Eco-Chef Reconnects With Local Food Bryant Terry is a young chef and author committed to local urban food systems. The eco-chef and food justice advocate is co-author of Grub: Ideas for an Urban Organic Kitchen. He talks about reconnecting with local food and the cooking traditions of the South.

Eco-Chef Reconnects With Local Food

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Now we are going to follow how that city-grown produce ends up on your plate with a young chef and author committed to local urban food systems. Bryant Terry is the co-author of "Grub: Ideas For an Urban Organic Kitchen" and author of the forthcoming "Vegan Soul Kitchen." He's also a regular contributor on So, thanks for joining us, Bryant.

Mr. BRYANT TERRY (Chef; Co-Author, "Grub: Ideas For an Urban Organic Kitchen"): Thank you for having me.

CORLEY: Well, you're working towards some of the same goals as Will Allen. Tell us a bit about how you became interested in food as a social justice issue.

Mr. TERRY: Well, I was in New York City at NYU in graduate school in history, and at the time I was doing a lot of research on social movements in the mid-20th century and came across a lot of the projects that the Black Panthers were running in west Oakland, California. And the ones that interested me the most were their grocery giveaways and their free breakfast for children program. And having been an activist and doing a lot of work in New York City around racial justice, economic rights issues, I felt that food justice was a big piece missing from this over analysis around social justice and I wanted to bring that in, and I thought that cooking would be a great way to engage young people about these more political issues around health food and agriculture.

CORLEY: Well, you now live in Oakland, California. And our previous guest, Will Allen, and other food activists often describe inner cities as food deserts with few grocery options, just corner stores, maybe stocked with processed foods, some cigarettes, some booze. Is that a problem in Oakland, or how are things changing there?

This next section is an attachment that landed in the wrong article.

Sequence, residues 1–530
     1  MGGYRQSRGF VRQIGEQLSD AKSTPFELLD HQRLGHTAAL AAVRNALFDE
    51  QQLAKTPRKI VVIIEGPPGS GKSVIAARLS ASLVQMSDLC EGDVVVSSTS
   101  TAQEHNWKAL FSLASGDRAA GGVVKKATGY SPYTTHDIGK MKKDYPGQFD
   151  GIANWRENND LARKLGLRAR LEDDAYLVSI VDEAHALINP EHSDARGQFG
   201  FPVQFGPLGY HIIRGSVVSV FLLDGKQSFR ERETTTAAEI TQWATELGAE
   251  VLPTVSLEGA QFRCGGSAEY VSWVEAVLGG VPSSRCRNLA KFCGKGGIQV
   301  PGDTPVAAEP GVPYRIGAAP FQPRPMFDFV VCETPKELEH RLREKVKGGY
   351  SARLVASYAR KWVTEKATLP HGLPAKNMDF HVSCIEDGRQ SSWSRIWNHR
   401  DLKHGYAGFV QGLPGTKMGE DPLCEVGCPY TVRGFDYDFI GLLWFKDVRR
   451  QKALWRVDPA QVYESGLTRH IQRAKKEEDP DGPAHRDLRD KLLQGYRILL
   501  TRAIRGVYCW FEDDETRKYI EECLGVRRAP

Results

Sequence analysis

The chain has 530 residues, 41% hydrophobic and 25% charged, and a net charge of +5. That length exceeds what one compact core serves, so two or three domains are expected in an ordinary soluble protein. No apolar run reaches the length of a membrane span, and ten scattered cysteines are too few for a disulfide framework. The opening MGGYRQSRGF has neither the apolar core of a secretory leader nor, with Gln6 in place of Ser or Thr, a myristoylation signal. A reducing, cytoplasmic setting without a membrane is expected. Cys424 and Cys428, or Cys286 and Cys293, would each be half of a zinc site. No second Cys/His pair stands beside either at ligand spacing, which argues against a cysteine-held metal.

Mr. TERRY: Well, it's certainly not a problem throughout Oakland, but there are certain impacted neighborhoods that are dealing with having an inordinate amount of corner stores that sell processed packaged foods low in nutrients, and lots of alcohol and cigarettes, and that don't have grocery stores. West Oakland, California, is a community that has close to 30,000 residents, and they have 53 liquor stores and not one single grocery store. And this is something that we see in impacted communities throughout the United States. But thankfully we have organizations like Growing Power and the Peoples' Grocery working in west Oakland who are working to address these issues and bring more healthy foods into the communities.

CORLEY: Well, you have roots in the South, so what are some of the food prep and food producing traditions of the South that you think we need to reconnect with?

Mr. TERRY: Yeah, for me, it's really about helping people remember and as you said, reconnect with these issues - or these ways of connecting with the land and producing our foods that we saw just a couple of generations ago. As Will Allen said, you know, most people in America were producing their own food. And when I think about the African-American community that I grew up in, you know, my grandparents had practically an urban farm in their backyard. You know, everyone on the street was growing some type of food, small plots, people had mini- orchards.

And you go back to the same neighborhood now and it's, you know, practically a shell of itself. And I think we need to just kind of like remember that the way that people are advocating for eating local, healthy, sustainable food, you know, these ways that many of us were eating. And this isn't just about African-Americans. I think that a couple of generations ago a lot of us were eating this way, and we just need to get back to that.